After the plaintext message is available, Telegram staff can do whatever they want with that message. They can make as many copies of the message as they want, they can analyze it to create a profile about the user in secret, etc. The only thing that's stopping them, is if they have an internal policy to not do that. The public privacy policy does not necessarily reflect the truth, and isn't written in stone, Telegram might in future serve e.g. targeted ads based on that data. So this boils down to whether or not you trust Telegram to do the right thing, always, indefinitely.

Threat 3: Hackers

Telegram's server contains billion of messages from its 400 million users. This makes it a very tempting target for both organized crime, and nation state actors. How would Telegram's key splitting system protect its users in case of breach? How would the breach work?

It all begins with a vulnerability, an un-patched bug that endangers the security of the server. Majority of vulnerabilities are known and fixed, but for every up-to-date system, it is extremely likely there exists at least one vulnerability that the attacker knows, and that the developers of the software that runs in the server (OS, server application etc.) does not know. This is called a zero-day.

The vulnerability is exploited with a piece of code called the exploit, that then opens up the route to deploy what is called the payload. The payload is that does the dirty deeds of the attacker. (An exploit against a zero-day vulnerability is called zero-day exploit.)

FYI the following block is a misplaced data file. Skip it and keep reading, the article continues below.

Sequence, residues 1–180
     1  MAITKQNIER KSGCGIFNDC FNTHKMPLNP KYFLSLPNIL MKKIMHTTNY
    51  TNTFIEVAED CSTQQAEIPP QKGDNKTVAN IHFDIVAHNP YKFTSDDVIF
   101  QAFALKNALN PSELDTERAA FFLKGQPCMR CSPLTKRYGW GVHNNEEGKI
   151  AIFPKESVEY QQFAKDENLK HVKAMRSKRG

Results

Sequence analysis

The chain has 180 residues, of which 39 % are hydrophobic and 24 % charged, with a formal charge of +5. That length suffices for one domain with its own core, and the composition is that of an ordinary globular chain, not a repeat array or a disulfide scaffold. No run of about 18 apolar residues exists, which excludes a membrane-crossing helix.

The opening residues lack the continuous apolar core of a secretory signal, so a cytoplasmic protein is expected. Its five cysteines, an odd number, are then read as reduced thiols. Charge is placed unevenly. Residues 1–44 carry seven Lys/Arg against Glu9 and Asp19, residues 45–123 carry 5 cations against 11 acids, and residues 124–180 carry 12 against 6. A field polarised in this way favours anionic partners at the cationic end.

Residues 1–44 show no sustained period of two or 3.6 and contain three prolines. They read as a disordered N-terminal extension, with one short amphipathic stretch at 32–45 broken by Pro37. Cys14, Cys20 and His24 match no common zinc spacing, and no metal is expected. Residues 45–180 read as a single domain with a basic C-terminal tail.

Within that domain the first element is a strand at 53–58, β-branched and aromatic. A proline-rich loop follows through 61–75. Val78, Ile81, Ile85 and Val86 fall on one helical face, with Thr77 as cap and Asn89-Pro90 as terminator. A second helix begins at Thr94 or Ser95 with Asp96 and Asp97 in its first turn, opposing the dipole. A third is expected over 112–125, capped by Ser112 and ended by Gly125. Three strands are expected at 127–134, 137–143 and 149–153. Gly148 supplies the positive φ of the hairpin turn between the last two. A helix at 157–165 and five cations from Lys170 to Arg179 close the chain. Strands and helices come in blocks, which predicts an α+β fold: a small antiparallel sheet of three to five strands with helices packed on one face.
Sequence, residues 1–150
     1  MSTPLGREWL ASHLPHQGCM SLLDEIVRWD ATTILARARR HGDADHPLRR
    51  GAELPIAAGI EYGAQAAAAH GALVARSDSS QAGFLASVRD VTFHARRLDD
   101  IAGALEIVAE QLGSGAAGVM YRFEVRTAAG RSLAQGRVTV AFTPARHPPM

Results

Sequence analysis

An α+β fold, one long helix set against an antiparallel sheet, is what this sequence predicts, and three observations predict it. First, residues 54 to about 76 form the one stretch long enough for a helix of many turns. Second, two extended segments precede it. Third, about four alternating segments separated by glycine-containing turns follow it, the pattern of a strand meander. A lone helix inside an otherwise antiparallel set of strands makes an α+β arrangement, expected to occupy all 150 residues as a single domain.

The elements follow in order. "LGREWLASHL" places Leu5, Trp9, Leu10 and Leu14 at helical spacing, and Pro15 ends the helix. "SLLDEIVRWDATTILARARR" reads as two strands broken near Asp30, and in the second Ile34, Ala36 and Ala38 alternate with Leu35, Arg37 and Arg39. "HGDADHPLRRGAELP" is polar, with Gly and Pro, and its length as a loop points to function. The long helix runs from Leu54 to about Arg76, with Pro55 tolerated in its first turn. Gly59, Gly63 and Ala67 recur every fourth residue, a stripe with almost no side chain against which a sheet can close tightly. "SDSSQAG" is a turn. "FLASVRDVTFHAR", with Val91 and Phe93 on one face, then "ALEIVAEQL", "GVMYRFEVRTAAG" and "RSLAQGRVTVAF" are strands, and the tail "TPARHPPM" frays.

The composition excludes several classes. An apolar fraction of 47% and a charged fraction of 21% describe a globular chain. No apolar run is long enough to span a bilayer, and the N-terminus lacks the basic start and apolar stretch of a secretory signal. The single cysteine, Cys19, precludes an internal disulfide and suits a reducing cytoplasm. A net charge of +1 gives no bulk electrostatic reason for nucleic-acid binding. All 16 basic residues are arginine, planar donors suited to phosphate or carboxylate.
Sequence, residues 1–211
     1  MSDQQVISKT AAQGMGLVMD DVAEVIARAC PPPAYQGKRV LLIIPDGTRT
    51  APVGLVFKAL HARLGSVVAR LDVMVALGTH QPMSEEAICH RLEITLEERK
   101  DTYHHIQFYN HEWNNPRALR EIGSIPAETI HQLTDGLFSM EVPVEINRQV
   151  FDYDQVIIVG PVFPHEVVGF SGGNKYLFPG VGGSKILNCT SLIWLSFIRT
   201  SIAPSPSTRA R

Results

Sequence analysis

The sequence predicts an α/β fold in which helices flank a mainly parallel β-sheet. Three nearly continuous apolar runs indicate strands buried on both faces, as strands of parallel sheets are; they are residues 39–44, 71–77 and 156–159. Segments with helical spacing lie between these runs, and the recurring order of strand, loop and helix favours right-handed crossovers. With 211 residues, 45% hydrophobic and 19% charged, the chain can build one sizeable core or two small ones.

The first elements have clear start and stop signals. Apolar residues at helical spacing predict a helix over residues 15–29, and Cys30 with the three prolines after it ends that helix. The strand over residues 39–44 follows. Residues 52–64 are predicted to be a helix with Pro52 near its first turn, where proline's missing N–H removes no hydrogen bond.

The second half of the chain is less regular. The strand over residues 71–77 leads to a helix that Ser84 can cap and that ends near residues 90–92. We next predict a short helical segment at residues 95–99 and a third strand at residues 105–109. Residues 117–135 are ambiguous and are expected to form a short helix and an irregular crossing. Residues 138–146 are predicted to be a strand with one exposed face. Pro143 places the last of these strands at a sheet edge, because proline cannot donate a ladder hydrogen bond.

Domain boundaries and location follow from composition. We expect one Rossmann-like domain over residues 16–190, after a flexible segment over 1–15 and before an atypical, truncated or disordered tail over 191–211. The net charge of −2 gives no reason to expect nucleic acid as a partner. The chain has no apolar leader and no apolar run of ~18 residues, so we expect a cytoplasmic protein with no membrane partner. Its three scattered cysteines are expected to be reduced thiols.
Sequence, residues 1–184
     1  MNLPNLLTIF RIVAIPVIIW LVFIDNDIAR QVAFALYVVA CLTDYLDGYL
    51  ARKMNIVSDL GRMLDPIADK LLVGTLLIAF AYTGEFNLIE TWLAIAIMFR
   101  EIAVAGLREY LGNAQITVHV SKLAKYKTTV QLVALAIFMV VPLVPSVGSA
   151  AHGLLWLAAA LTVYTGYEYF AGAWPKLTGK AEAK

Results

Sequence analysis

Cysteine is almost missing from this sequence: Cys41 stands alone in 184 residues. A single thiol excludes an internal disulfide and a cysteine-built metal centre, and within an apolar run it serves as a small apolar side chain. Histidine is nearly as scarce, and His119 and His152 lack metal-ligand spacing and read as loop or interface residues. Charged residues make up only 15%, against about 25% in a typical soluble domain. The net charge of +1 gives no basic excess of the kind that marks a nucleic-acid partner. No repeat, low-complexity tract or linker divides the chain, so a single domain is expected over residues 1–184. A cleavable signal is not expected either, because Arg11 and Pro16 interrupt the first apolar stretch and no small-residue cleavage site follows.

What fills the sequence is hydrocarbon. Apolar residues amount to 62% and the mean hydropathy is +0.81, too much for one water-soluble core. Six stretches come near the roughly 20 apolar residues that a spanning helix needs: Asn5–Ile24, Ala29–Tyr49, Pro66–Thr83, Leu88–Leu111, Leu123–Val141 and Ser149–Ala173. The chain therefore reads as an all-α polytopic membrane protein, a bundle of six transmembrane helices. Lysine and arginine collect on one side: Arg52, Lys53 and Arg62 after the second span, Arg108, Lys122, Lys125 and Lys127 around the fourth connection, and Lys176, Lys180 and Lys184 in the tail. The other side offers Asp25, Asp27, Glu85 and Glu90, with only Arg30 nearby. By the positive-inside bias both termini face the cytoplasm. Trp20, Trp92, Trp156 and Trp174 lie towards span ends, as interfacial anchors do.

So to give an allegory, vulnerability is a weak skin, exploit is the stinger of a wasp, and the payload is the venom of the wasp delivered via the exploit.

In order to wreak havoc, the zero-day exploit must also be able to perform something called privilege escalation. This requires a vulnerability in the operating system of the server.

So when such zero-day exploit is performed, it allows the attacker to run any command and program with kernel-level privileges, which also means that the CPU runs in something called kernel mode. To quote Wikipedia on CPU modes,

Kernel In kernel mode, the CPU may perform any operation allowed by its architecture; any instruction may be executed, any I/O operation initiated, any area of memory accessed

When the CPU runs in kernel mode, it can access any area of memory. This by definition includes the memory of the Telegram server program that's doing the back-and-forth encryption/decryption for databases. The attacker's payload-program that's running in kernel mode will scan the RAM for the Telegram's database encryption key, and sends it to the attacker.

Since in kernel-mode any I/O operation can also be done, the attacker can also use the payload program to dump the entire Telegram message database, and the attacker can then decrypt the messages with the stolen key either on their end, or at server's end.

Can such an attack be detected?

It depends on the quality of the exploit. E.g. to quote Wikileaks on CIA's GrassHopper framework